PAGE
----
• Write out specific questions you want to ask. Think through the things that are important to you. What do you really want to know? Don’t ask a question if the answer could be found in printed or online material.
  • Be sure to present yourself professionally and dress appropriately.

Introduce yourself and state your purpose. Be prepared to share why you are excited about exploring the industry and learning more from the person’s perspective. A well-prepared introduction will help get the meeting flowing. Have your list of questions; refer to them and take notes. Time will go by quickly, so listen actively and take good notes. Honor the time limitations you initially set. After 20 minutes, offer to end the interview, but be prepared to stay if the person wants to spend more time with you.

Thank the person for his/her time and be sure to ask for a business card. Send an email to thank them for their time and within 24 hours, send a brief thank-you note. If appropriate, ask to connect with the person on LinkedIn.

  1. Be certain of the kind of information you are seeking: e.g., information about the industry, the company or organization, the specific or general occupation, or the career direction.
  2. Be sure to stick to the agreement you made with the person you’re interviewing, that this is an informational conversation only. You can ask how a person effectively begins a career with the company or ask what suggestions the person has for a job search, but don’t ask for a job or an interview.
  3. Ask whether the person would be willing to connect you with anyone else who might be able to offer advice.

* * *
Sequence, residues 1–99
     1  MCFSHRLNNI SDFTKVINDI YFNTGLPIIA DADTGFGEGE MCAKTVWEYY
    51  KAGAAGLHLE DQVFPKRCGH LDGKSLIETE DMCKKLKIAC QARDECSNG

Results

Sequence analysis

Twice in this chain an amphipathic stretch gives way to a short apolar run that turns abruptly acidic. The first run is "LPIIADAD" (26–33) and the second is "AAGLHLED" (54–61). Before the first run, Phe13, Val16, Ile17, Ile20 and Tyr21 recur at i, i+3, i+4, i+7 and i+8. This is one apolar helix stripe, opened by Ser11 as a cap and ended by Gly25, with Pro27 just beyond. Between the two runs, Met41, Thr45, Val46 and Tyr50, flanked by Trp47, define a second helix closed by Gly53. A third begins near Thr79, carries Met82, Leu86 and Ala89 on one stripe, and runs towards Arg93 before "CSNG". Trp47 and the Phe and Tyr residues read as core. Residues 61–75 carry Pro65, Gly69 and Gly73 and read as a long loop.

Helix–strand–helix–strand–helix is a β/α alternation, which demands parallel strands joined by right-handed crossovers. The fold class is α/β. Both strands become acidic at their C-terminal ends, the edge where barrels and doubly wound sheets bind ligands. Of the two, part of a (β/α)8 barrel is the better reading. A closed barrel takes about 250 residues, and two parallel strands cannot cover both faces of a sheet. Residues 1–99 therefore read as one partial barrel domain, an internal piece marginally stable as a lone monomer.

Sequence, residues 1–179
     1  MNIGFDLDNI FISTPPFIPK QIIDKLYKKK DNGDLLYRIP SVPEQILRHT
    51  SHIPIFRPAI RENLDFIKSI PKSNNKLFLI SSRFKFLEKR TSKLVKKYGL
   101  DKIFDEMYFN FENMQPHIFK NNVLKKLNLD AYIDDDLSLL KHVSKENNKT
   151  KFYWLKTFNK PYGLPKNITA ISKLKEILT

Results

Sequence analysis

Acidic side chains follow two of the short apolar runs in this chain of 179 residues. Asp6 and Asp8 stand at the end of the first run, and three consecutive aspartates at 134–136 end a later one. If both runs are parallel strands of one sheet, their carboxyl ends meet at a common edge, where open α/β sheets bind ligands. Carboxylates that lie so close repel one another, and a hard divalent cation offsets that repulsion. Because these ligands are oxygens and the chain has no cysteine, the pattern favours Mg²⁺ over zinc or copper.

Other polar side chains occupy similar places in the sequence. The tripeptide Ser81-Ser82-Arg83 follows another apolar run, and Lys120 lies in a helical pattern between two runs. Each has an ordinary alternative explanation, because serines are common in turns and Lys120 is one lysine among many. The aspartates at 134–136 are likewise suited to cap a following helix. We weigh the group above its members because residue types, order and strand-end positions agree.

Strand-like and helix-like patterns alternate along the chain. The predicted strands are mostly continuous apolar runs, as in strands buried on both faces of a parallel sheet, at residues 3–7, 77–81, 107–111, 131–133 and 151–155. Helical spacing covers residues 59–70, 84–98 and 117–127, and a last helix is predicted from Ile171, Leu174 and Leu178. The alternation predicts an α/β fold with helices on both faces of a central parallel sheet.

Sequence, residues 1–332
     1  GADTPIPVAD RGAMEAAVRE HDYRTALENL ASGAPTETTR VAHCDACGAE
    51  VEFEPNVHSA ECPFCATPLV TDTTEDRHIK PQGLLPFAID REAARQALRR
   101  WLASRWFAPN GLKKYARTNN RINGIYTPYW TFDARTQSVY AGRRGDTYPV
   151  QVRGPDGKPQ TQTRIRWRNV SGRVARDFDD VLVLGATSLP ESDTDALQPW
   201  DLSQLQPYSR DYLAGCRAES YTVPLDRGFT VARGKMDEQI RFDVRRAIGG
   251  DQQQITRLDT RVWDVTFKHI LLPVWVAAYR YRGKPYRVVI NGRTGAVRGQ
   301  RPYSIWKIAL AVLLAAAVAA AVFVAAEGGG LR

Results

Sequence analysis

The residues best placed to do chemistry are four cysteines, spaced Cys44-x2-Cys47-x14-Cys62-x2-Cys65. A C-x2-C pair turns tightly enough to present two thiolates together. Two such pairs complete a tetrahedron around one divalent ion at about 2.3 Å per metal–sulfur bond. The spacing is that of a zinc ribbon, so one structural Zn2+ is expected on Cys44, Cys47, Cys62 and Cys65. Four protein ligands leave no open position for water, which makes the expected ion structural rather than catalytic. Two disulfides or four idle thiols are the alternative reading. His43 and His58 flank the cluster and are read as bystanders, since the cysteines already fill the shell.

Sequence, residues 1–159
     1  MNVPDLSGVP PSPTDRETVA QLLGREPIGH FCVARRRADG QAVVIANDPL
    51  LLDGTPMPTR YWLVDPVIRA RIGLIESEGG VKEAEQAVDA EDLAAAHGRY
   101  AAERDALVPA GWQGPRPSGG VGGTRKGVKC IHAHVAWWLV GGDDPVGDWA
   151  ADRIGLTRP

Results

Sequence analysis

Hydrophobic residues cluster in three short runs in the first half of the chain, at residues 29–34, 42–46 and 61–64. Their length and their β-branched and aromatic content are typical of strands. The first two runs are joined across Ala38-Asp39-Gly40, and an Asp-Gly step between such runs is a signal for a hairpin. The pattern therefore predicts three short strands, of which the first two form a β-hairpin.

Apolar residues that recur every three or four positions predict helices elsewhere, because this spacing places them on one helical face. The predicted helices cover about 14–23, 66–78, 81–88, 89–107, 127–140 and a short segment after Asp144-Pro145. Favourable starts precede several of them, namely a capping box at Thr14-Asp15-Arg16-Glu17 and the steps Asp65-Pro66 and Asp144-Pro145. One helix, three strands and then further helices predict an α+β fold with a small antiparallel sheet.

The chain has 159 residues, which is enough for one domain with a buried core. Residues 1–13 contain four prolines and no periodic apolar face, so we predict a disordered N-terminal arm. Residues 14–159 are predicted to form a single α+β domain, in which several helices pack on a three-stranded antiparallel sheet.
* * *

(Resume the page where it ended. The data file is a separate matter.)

4. Remember this is a reciprocal relationship and you also have something to offer. Stay in the front of the person’s mind through sending “touching base” emails with industry-related articles or blog postings of interest, and updates about your progress in career exploration.
Informational interview questions
  1. How did you get into this field?
  2. What are the responsibilities of your job?
  3. What do you like most about your job? Least?
  4. What skills and experiences are most important in your field?
  5. What is your typical day like?
  6. What organizations and online groups do you recommend I belong to?
  7. What activities, classes, or other parts of your college experience best prepared you for your career?
  8. What is the best decision you made as an undergraduate to prepare for your professional life?
  9. Which personality traits or talents do the most successful people in this position share?
  10. If you were starting your career today, what would you do differently?
  11. What can I do to make myself more marketable?
  12. What are other related career fields?
  13. What would be a typical career path in this field?
  14. How did you obtain your first job?
  15. Would you be willing to review my résumé and offer your opinion and advice? (Ask this question only if you feel comfortable and the interview seems to be going well.)
  1. How would you describe the overall mission and goals of your organization?
  2. What are the core activities and services of this department?
  3. How would you describe your clients? What is important to them?
  4. Where do you see growth or change occurring in the organization?
  5. What are some typical entry-level job roles in this department?
  6. What qualities does your company look for in the people they hire?
  7. I've built a target list of organizations in this field to research. Would you be willing to look at my list and give me suggestions you might have?

Ask yourself the following questions:

  1. Would I enjoy working for this company/doing this type of work?
  2. How do my personal assets meet the needs of this company/occupation?
  3. What other people/organizations should I contact?